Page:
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John Blanchette: Washington State can still have it all at Alamo Bowl

Look, the Washington State Cougars will still spend their Christmas in a hotel, get the traditional goody bags and sample talent shows, boat rides and other bowl-week amusements.

Mike Leach will still get his precious December practices.

Fans can party it up every bit as much – and maybe better – on the Riverwalk as they can in Buckhead or Old Town Scottsdale.

And better still? They can feel insulted by it all.

That’s almost as good as cash in Wazzuworld.

College football’s playoff and bowl destinations were parceled out Sunday, and to no one’s surprise the Cougars’ entreaties to have their visas restamped were ignored. Having dropped Wazzu to 13th in last week’s rankings, the playoff committee eschewed further review, as that would suggest fallibility on its part and give credit to anything football related in the Pac-12 Conference.

Some lines just can’t be crossed.

If you’ve been keeping up with your homework, you’ll know that the Cougs needed to be in the top 12 of the final CFP rankings to be included in one of the so-called New Year’s 6 bowls – specifically, the Fiesta or Peach, the ones not already designated as playoff semifinals or pledged to conference champions.

At No. 13, they may as well have been holding a C boarding number on Southwest, bound for middle-seat hell.

OK, not quite.

Their consolation prize is actually the Alamo Bowl in San Antonio, a perfectly respectable game in a fun city in that sweet spot between Christmas and New Year’s. Washington State was in the second Alamo ever played, a 10-3 win over Baylor in 1994, although Riverwalk nightspots jammed with Coug travelers were even bigger winners.

And not wanting to be an ingrate tourist, WSU athletic director Pat Chun on Sunday declared the Cougs to be “pleased” and “honored” with their assignment to San Antonio.

Then came the “but” moment. Sir Mix-A-Lot has never rapped about a bigger but.

“We’re very disappointed with where we ended up being ranked,” Chun allowed.

This is all very nuanced. It has to be, since it borders on the inexplicable.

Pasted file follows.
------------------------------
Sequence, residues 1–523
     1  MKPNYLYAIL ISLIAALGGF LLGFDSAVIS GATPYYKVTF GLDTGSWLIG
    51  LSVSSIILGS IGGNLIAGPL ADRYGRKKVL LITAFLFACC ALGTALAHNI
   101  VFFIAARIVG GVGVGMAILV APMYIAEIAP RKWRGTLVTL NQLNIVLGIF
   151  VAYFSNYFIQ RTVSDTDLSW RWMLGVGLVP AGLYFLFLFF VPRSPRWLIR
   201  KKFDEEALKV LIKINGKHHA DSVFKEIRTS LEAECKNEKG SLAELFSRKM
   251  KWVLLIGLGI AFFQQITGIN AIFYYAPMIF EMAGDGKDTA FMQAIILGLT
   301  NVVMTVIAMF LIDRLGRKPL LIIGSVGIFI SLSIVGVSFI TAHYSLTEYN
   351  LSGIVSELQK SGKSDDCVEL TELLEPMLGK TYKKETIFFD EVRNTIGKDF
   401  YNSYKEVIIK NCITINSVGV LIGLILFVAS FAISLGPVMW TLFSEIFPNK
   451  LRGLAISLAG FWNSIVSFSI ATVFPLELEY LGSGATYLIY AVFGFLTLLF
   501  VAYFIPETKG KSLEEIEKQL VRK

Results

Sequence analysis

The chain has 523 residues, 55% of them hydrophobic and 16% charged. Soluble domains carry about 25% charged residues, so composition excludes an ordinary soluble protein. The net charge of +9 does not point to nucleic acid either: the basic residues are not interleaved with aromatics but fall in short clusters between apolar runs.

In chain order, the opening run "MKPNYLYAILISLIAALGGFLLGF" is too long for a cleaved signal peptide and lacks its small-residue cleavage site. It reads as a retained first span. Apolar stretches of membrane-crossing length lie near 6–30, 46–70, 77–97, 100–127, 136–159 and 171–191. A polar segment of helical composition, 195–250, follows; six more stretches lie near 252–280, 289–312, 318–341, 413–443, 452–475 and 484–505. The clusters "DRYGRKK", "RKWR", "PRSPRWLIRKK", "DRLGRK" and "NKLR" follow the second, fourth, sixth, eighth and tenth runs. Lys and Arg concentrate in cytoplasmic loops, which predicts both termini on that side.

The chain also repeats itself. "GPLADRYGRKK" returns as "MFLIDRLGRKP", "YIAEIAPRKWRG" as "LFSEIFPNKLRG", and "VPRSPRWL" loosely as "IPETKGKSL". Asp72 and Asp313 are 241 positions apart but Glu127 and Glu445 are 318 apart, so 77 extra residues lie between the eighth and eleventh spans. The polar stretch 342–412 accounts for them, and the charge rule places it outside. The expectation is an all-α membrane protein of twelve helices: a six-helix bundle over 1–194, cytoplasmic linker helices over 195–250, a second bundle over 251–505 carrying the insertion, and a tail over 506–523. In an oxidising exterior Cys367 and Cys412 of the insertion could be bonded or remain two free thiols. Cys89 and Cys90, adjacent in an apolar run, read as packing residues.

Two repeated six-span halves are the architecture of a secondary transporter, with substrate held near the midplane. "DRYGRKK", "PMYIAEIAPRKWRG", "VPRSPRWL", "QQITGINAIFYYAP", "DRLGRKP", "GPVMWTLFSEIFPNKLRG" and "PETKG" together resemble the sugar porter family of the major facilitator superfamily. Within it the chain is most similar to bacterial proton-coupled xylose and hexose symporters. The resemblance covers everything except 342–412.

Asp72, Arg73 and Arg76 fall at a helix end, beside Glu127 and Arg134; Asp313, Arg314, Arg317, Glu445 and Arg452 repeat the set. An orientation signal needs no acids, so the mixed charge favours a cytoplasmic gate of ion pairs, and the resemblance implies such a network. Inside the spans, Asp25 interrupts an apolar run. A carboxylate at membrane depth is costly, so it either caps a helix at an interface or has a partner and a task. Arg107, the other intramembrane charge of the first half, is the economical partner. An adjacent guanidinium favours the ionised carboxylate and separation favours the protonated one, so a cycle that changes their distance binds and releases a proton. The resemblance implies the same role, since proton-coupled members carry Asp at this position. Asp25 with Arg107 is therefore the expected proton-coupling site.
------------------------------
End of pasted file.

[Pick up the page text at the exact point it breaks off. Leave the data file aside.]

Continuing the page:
Wherever the Cougs were going, it wasn’t to be part of the national championship conversation. Were they ranked 12th, they wouldn’t be disappointed that they weren’t ranked 11th – because all they needed for NY6 status is 12th. But the only thing the rankings are good for is settling bowl destinations – plus some change for expenses which, in the end, get divvied up like the revenue.

And it’s not just bad form to dis your hosts, it’s bad strategy to suggest to your players that they shouldn’t be enthused about their lot. Bowl teams can be seeing grudgingly going through the motions every December.

So it becomes all about respect, and the 10-2 Cougs getting none relative to a few three-loss teams.

A chip on the shoulder won’t hurt come kickoff. But Chun – to his credit – made it clear he understands where respect comes from.

“For Washington State and the rest of the Pac-12, this is an important bowl season for all of us,” he said. “We can easily infer that where we’re ranked is maybe a reflection of the perception of the league and the good thing for us is that we have an opportunity as a conference to make a national statement. “

You remember last year’s statement: 1-8 in bowl games.

“And Washington State was part of that equation,” Chun said, noting that, “Performance matters.”

Pac-12 commissioner Larry Scott went to bat for the Cougs with the CFP committee while toweling off from the dungstorm he’s been weathering, and Chun was cool with his advocacy. But apparently it was as credible as Champagne Larry’s public posturing, so maybe the league’s dismal football profile and all the issues – officiating, replay, TV strategy, extravagance – raised this season will give the league’s presidents the courage to question their guy’s leadership.

In the meantime, however, there’s a more urgent mission.

“We have an opportunity to get our 11th win and our team is real focused on that,” Chun said. “And it’ll be fun for us to be able to take our football coach … back to a state where he built a great rep.”

Well, OK. Just remember, the last time a Leach team got an Alamo invitation, he was fired before he could get to the game. No doubt he’ll be prodded into another rant about how Texas Tech still hasn’t paid him what he’s owed, but maybe this would be a good time for him to talk about his 10-2 and undersold football team instead, unlikely as that is.

“We don’t want another school to go through what we just went through,” said Chun, “and having to justify where you’re at.”

Hey, you’re in San Antonio, Cougs. You can have a fiesta there, too.


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